It’s nice to see young people getting involved in politics, so I commend Josh Bailey for running for Oneonta Common Council in Ward 8. However, we are at a time where experience and a historical perspective are warranted.
I have known Mark Drnek for over 25 years and he has always had a good handle on what Oneonta needs and how to improve our community. The SweetHome Oneonta calendar alone has been valuable in attracting both tourists and locals for years into our community and local businesses.
As a business owner, Mark has a long history of working with local Oneonta businesses to compete in an increasingly difficult economy. Through the creation of SweetHome Productions, Mark has helped my business, along with many other Oneonta businesses to advertise and gain exposure to attract customers.
Both myself and Mark were local radio hosts for over 20 years. Mark continues to represent Oneonta in two dozen radio stations across the country with the Blue Light Central. Mark Drnek has been Oneonta’s spokesperson for many years so far, without even holding a political office.
Mark is deeply committed to the Oneonta community and his expertise and experience are gravely needed at point. He has invested in Oneonta as a resident and businessman and Mark’s vision for Oneonta is to keep the economy stable through local jobs and job growth in the local area. His understanding of small, local business is a key to upholding this small “City of the Hills”.
He realizes the resources available within our area and is committed to utilizing local businesses rather than hiring outside consultants, and other workers. Therefore the money spent stays here in the local economy.
This candidacy is not about political party but for the future security and well being of Oneonta.
Experience and deep commitment are key to the success of City Council and I support Mark Drnek because I believe he is the best candidate for the job.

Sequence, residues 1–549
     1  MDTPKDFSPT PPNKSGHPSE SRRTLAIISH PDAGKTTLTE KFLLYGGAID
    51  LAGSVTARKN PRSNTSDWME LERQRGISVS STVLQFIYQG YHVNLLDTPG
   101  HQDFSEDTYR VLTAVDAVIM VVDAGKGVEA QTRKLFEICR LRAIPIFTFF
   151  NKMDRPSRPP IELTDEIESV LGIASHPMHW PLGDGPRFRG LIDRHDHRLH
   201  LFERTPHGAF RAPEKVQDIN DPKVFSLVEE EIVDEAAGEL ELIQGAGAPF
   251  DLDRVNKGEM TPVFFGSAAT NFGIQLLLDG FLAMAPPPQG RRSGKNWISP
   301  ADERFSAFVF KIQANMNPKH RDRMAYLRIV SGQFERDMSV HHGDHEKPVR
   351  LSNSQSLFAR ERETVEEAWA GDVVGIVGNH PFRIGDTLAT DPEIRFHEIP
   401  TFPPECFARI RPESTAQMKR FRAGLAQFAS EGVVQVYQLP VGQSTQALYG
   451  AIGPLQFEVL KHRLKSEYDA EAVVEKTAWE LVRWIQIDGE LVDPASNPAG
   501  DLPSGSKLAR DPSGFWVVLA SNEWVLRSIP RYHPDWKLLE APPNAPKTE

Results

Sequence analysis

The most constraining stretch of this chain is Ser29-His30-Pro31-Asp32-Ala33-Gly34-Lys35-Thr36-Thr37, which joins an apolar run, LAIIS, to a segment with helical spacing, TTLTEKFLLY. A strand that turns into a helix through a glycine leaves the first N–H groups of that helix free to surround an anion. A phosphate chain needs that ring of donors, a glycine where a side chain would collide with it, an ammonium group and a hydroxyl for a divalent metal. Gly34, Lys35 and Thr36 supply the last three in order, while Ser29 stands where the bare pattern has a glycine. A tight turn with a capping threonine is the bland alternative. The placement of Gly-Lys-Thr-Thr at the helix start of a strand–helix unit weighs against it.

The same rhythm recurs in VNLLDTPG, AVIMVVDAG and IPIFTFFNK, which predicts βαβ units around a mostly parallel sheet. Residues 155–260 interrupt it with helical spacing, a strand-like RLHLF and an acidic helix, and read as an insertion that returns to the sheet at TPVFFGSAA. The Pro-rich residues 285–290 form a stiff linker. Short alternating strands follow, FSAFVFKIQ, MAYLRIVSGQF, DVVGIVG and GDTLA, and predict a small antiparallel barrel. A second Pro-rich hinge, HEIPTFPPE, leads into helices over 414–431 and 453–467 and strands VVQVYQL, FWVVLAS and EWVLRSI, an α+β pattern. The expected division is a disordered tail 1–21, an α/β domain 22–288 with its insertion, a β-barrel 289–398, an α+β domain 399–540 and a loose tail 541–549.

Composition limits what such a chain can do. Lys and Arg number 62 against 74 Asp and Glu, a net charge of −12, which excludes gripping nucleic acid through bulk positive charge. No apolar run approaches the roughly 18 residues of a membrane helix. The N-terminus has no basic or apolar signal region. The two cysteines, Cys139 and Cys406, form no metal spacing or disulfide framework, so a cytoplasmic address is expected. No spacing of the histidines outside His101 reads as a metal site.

ONEONTA – Stella Luna’s Bucatini all’Amatriciana may be the ultimate in comfort food.
Tony and Vinne Avanzato began serving the pasta dish, famous in Amatrice, Italy, as a fundraiser after the Aug. 24 earthquake that devastated the town. “Our friends over there told us there were foundations we could donate to, but they would take 20-30 percent,” said Tony. “I said, ‘Not gonna happen!’ People are giving their hard-earned money. It should go to the people who need it.”
If you leafed through the real estate listings recently, you may have noticed that Oneonta landmark Stella Luna is for sale.
But don’t worry. Vinne and Tony Avanzato aren’t closing their doors yet. “If the sale takes six months, a year, 10 years, we won’t close,” said Vinne. “We’ll still make the best food in Oneonta!”
Though the listing just went public, it’s a decision that’s been in discussion since the November 2012 accident that claimed the life of the family matriarch, Giuseppa, and left Vinne with severe injuries. “My life changed that day,” he said. “I’m ready to move on from this.”
The Avanzato family rescued the Market Street train station from demolition in 2000, but their roots in Oneonta go much deeper. “Our parents, Diego and Giuseppa, brought us here from Sicily in 1966, and we had nothing,” he said. “But my father, he had a vision for his family.”
They opened the Italian Kitchen in 1972 and ran it for 36 years until 2008. For a time, the family ran both restaurants. “I worked at the Italian Kitchen and my brother ran Stella Luna,” he said. “But it was a lot of work for just one person.”
The late Mayor Dick Miller was a fan of the Avanzatos, as well as their cooking, calling the family “the American dream.”
Margaret Drugovich ate her first meal as Hartwick College president there, and in 2013, the brothers were named Hartwick’s Citizens of the Year for their contributions to Hartwick athletics, including helping save Division One soccer.
The brothers also raise money every year to take upwards of 30 disadvantaged children on a shopping trip at Christmas. “I’m not ashamed to say I’m a softie,” he said. “I’m a giver. These kids deserve a nice Christmas like we have.”
And at 59, he’s put 43 years into his cuisine. “The Avanzatos are Oneonta’s history,” he said. “We’ve established a culture here. We believe in giving people good food because we’re proud Italians. We’re sincere.”